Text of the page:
W (PRINCIPAL) ELEVATION: 7 paired 2-storey and attic terraced tenements, that to N with corner shop (No 38). To S paired bipartite ground floor windows to No 10. Nos 20, 22 and 24 have some decorative cast-iron gutter brackets remaining.

Variety of glazing, some 4-pane timber sash and case windows with horns, some modern. Modern rooflights. Grey slates. Large gable end stacks and ridge stacks at division of paired properties. Various door types, some timber 4-panel, some modern, simple rectangular fanlights above.

INTERIOR: No 10, modernised. No 22, ground floor sitting room with tiled cast-iron fireplace with inset cupboard to left, glazed above.

ANCILLARY BUILDINGS: predominantly single storey terraced fishing gear storage sheds forming courtyard to rear with tenements. Pantiled. Simple timber boarded doors. Some surviving gable stacks.

BOUNDARY WALLS: low coursed sandstone walls to W with predominantly chamfered coping. High dividing walls forming sides of rear courtyards of properties.

These tenements are remarkable for their coherent design and uniform development formed for the specific needs of the Cellardyke fishing community. A revival of the fishing industry had created a shortage of housing stock which these buildings hoped to redress. The standard of construction and design at Rodger Street was considerably superior to earlier forms of housing and took on board previous smaller schemes at Ellice Street (by George Rae of St Andrews) and West and East Forth Streets. Crew members who contributed both labour and fishing gear earned twice as much as those only supplying labour and the large amount of gear storage offered at Rodger Street is evidence of the market the builder wished to attract.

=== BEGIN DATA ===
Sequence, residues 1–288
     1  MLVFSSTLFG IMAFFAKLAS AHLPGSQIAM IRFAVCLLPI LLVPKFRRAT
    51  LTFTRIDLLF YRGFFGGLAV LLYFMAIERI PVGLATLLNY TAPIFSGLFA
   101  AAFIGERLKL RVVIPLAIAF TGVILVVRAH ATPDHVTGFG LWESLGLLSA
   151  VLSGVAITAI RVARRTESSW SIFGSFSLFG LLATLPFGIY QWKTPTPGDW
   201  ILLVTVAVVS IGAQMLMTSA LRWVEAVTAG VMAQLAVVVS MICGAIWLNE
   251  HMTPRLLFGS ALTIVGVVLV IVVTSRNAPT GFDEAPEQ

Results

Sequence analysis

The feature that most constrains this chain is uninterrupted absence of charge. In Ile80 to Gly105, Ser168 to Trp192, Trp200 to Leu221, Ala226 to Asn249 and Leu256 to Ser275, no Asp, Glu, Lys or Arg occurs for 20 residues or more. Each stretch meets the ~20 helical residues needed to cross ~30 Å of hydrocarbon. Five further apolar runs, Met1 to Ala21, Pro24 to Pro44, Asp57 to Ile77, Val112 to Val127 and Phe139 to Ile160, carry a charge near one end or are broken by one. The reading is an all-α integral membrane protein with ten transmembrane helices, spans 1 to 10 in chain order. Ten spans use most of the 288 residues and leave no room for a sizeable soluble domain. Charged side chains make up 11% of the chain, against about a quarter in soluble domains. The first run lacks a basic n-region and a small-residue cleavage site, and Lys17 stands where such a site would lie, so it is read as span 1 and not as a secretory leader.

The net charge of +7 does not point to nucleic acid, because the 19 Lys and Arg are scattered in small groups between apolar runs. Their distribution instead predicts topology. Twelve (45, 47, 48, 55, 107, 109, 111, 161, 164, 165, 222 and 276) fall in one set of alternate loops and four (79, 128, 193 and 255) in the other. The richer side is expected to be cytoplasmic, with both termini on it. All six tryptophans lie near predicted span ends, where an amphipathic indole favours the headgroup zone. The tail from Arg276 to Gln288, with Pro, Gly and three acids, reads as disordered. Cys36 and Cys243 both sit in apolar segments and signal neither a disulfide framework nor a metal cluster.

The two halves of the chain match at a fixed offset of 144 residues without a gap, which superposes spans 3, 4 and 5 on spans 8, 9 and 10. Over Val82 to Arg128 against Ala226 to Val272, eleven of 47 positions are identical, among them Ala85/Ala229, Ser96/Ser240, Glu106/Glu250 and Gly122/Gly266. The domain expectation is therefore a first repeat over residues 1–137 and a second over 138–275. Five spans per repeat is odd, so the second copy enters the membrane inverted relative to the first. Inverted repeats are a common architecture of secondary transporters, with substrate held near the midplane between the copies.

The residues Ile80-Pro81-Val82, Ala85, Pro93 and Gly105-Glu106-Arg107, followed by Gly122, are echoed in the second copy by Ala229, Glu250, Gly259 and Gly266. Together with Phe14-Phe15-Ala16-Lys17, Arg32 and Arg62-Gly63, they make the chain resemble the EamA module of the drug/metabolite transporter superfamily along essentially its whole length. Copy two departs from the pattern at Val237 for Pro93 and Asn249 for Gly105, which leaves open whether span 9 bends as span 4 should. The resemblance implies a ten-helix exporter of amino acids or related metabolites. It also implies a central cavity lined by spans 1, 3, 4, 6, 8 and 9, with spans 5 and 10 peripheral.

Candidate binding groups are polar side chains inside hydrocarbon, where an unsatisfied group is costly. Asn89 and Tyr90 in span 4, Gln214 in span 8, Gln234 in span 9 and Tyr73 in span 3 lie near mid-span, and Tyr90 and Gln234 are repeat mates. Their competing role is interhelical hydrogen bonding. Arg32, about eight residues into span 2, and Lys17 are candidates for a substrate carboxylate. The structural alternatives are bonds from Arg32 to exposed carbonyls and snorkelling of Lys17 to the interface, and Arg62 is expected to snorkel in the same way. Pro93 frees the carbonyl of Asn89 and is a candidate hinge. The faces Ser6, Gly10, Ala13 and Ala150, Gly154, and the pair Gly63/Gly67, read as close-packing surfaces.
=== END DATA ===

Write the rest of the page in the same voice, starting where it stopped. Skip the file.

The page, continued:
It is probable that Williamson was responsible for all the tenements on this side of Rodger Street. The first houses built by him at what is now Nos 10-14 differ from the others in that externally they appeared to be two dwellings but internally they were subdivided into 5 flats. The ground floor of No 14 was the Williamson home until the family moved to a larger property in 1884. The rear buildings at this tenement operated as a works store and sleeping accommodation for some of their children, in contrast to the fishing purpose of the other properties. It is likely that the rest of the street was modelled on those already underway on the opposite side of the street - two-family tenements with access through a doored close leading from front to back and an internal rear stairway. The majority of these tenements appear to have been unobtrusively converted to accommodate one family now. As two-family tenements it was usual for the owner to occupy the slightly more spacious upper floor and to rent out the lower floor to provide additional income.